It is commonly called the Land of Smiles, because of the friendly people.
But Thailand can just as well be dubbed "The Kingdom of Sprinters", for the sheer number of speedsters it has churned out over the years.
After all, in 27 editions of the South-east Asia (SEA) Games, the nation has triumphed a remarkable 16 times in the 100-metres dash, considered the most glamorous event at any Games.
Names like Suthi Manyakas, Anat Ratanapol, Suchart Chairsuvaparb and Reanchai Seehawong (see sidebar) have gone down in Asian track and field folklore.
Next month, Singapore will witness another Thai sprint king in action.
Jirapong Meenapra turns 22 next Monday, and is regarded as the red-hot favourite in both the 100m and 200m events.
The University of Bangkok student announced his arrival at the 2013 SEA Games in Myanmar, where he bagged three gold medals - sprinting to the individual double and anchoring the men's 4x100m relay to victory.
He posted four of the five best 100m times posted by a South-east Asian sprinter last year, managing a personal best of 10.31 seconds twice.
As a point of reference, Singapore's national record, set by UK Shyam in 2001, stands at 10.37.
Speaking to The New Paper in an exclusive interview recently, Jirapong said that he doesn't care about the times he clocks - all he wants is to win.
"I don't want good times, if it means I don't win," said the wiry youngster.
"I just want the gold medal. That's most important to me."
TNP asked Jirapong if he felt Singapore's sprinters Calvin Kang, 25, and 2013 bronze medallist Amirudin Jamal, 28 - the two tasked to challenge Jirapong - would pose any threat to him.
"Calvin is good," Jirapong mused, briefly.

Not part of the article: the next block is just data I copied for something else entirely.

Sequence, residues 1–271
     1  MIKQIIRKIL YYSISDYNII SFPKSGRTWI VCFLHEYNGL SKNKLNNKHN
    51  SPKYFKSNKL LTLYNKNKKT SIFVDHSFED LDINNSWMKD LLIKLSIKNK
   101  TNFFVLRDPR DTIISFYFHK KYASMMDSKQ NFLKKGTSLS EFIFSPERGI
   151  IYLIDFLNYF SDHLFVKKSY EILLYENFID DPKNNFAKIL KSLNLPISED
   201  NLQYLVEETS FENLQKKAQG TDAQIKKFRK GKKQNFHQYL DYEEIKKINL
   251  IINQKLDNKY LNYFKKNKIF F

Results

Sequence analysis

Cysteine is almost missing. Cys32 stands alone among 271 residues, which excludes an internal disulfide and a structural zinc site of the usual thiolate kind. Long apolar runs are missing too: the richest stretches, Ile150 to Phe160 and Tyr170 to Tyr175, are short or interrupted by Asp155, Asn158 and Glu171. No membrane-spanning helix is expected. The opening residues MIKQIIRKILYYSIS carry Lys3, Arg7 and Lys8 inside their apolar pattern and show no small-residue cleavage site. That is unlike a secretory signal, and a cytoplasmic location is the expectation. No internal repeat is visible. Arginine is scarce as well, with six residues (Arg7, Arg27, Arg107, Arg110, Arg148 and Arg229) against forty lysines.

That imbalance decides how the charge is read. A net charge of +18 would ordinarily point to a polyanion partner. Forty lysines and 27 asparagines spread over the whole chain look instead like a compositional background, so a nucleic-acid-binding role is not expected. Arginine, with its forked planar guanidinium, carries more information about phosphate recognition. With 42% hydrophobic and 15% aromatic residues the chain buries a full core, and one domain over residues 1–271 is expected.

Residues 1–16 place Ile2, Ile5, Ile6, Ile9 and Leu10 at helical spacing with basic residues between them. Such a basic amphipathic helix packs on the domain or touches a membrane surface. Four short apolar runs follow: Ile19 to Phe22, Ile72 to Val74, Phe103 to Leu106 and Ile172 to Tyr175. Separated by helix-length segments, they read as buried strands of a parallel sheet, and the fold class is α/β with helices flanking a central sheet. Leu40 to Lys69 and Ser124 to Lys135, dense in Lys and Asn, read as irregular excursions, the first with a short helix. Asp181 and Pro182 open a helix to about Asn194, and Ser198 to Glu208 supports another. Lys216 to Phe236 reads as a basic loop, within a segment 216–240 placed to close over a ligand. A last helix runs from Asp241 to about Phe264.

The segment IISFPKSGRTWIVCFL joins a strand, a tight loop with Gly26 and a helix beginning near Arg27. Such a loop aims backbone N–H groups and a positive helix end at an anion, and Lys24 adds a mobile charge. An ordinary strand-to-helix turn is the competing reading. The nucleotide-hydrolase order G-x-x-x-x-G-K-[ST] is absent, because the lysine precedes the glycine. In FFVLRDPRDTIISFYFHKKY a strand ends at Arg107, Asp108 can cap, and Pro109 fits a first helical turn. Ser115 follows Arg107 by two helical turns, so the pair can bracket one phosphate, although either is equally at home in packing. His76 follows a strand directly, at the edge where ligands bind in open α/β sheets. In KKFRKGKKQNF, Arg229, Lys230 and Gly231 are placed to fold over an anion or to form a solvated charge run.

"But I am not afraid of any challenger. I don't care about anybody else. I just know I need to win."
He brushed aside any suggestion that the weight of expectation from his countrymen back home would burden him.
"I am young, but I feel no pressure at all," he said. "I am glad I can bring happiness to the Thai people."
With his triple gold feat in Myanmar, he certainly has brought his country joy.
I remember meeting him for the first time then.
As I sat with Singapore's discus great James Wong in the cafeteria of the Athletes' Village in Naypyidaw, a scrawny boy with neat, short hair and thick-framed spectacles approached our table.
He greeted us with the traditional Thai "wai", bowing while pressing his hands together and lifting them up to his head, then proceeded to ask if Wong had any Singapore pins to exchange, which the 10-time SEA Games gold medallist did.
After the youngster left - with a Singapore flag pin in hand - to join his teammates at the next table, mucking about as youngsters do, Wong said: "That boy's name is Jirapong.
"He's damn young, but already damn fast. Watch him."
The next day, I got the chance. The transformation was startling.
Put a pair of spikes on Jirapong and throw him on a track, and that goofy smile is replaced by a steely scowl.
As we now know, he aced his events and afterwards, he hammed it up for the media.
There was euphoric screaming, fist pumping, and even a few rounds of the "Lightning Bolt", milking the applause, unfazed by the blinding flash of camera bulbs.
He caught a Thai flag thrown to him and performed a little dance for the media.
Fast forward 18 months, and Jirapong says he is excited at the prospect of doing the same in Singapore, at the National Stadium and on its world-class Mondo track, known to allow athletes to clock their best times.
After all, the Republic was where he first caught the eye as a junior sprinter.
He was the anchor for Thailand's Under-16 team that triumphed at the Asian Youth Games here in 2009.
A year later, at the Youth Olympic Games, he finished fifth, racing alongside the world's best junior runners at Bishan Stadium.
Said Jirapong: "I like Singapore. A lot of discipline in Singapore."
Then the cheeky side of him surfaced as he asked: "I want to go to the casino... Can I?"
The Thai athletics officials might have something to say about that.
They, and the rest of the Kingdom, just want him to blaze a trail at the National Stadium.
This article was first published on May 6, 2015.
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